Dn (A) = (. . . ((PCDATA + A1 ) · A2 + A3 ) · A4 + . . . An ) , Dn (Ai ) = A∗ , for i ∈ {1, . . . , n}. For documents generated for these DTDs we used a simple query ⇓∗/text(). Implementation All compared algorithms were implemented in Java 5.0 and used common programming tools including: a Pull model parser (STaX), a representation of regular expressions and corresponding NDFA’s, structures storing tree facts, and an implementation of derivation rules. For ease of implementation, we considered only a restricted class of descending path queries which involve only simple filter conditions (testing tag and text labels), do not use operators ∪ and −1 , and use the closure operator ∗ only on the axises ⇓ and ⇐. We note that those queries are most commonly used in practice and the restrictions allow to compute standard answers to such queries in time linear in the size of the document.

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Figure 4: Trace graph construction for variable document size (0.1% invalidity ratio) to efficiently validate XML documents should also be applicable to efficiently construct trace graphs. By increasing the size of DTD we also expand Σ whose size is a factor in the time of constructing trace graphs with label modification. This explains why the observed execution time of MDist is cubic in the size of |D|.

Environment All tests were performed on an Intel Pentium M 1000MHz machine running Windows XP with 512 MB RAM and 40 GB hard drive. We repeated each test 5 times, discarded extreme readings, and took the average of the remaining ones.

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In the first part of the experiments, we measured the time necessary to construct the trace graphs. We used algorithms MDist and Dist that constructed trace graphs (resp. with and without label modification) to compute the edit distance of the document to the DTD. As a base line we used the time necessary to parse the file containing the document (Parse). We also compared the performance of our algorithms with Validate which validates the database w.r.t. the DTD. Figure 4 contains the results showing the impact of the document size on the performance of our algorithms. The results confirm our analysis: trace graphs are constructed in time linear in the size of the document. Note also that computation of the edit distance without using modifying operations introduces only small overhead over validation. Note also that the overhead of Validate over Parse is small as well, which suggests that the implementation of validation is efficient. We also observe that including modification operation in the model leads to a significant increase in the computation time. Figure 5 shows that Dist takes the time quadratic in the size of the DTD. We note, however, that Validate behaves similarly and the overhead of Dist is small. Because in our approach we don’t assume any particular properties of the automata used, we conjecture: that any technique that optimize the automata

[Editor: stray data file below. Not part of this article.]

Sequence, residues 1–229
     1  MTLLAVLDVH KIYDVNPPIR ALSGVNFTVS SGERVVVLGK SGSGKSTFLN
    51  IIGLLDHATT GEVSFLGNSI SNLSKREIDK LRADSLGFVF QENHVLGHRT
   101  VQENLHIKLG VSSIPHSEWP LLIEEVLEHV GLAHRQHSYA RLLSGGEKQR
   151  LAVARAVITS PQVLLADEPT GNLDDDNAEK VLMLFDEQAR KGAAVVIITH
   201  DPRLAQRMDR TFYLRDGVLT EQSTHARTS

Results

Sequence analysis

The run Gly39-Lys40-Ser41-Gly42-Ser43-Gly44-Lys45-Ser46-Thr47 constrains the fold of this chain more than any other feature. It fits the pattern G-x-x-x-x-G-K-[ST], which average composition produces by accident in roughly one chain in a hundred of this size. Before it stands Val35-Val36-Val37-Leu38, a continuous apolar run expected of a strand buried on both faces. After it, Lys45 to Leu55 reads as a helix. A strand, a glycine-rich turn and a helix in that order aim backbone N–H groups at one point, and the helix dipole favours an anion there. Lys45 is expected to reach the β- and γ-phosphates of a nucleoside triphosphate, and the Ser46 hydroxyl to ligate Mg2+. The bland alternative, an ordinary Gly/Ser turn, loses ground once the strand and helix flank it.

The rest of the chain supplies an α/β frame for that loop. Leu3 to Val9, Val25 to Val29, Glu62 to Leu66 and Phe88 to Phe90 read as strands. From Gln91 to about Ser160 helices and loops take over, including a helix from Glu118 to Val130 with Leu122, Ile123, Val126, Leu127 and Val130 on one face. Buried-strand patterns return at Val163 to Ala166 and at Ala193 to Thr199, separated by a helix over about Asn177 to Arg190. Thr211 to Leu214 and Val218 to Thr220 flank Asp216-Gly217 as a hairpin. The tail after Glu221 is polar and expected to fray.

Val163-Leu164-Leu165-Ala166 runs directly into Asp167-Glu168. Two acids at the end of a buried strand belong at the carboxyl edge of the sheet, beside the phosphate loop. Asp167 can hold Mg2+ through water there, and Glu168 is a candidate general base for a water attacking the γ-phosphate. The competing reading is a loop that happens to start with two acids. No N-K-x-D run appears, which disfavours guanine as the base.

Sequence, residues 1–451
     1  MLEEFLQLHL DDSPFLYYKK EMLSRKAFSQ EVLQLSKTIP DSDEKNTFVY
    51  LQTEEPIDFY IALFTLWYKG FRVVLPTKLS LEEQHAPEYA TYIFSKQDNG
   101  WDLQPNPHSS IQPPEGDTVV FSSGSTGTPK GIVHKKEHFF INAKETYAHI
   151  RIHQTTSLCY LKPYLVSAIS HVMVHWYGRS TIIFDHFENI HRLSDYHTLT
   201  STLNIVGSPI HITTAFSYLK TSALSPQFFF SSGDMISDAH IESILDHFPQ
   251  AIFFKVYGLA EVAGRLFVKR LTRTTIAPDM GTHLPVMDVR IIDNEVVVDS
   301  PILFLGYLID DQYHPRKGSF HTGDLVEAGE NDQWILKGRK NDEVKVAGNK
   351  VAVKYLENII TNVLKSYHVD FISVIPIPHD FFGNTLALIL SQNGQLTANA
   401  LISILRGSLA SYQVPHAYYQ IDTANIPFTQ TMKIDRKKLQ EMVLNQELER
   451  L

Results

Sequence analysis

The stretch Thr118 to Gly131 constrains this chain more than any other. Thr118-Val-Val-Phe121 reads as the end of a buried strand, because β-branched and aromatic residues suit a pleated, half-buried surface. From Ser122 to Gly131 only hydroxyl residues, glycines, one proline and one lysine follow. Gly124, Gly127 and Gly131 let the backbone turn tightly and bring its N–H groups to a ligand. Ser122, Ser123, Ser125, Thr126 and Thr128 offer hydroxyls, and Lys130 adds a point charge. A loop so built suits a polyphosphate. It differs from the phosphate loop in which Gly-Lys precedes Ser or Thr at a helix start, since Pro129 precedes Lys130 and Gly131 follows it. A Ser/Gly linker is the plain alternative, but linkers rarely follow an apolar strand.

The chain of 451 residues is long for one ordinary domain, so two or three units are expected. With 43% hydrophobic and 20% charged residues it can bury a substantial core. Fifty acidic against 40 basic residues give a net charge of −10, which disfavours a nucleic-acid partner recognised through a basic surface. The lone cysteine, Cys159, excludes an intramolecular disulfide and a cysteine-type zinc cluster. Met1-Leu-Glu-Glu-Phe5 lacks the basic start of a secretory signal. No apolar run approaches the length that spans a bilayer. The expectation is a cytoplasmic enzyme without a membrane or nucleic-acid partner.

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Valid query answer computation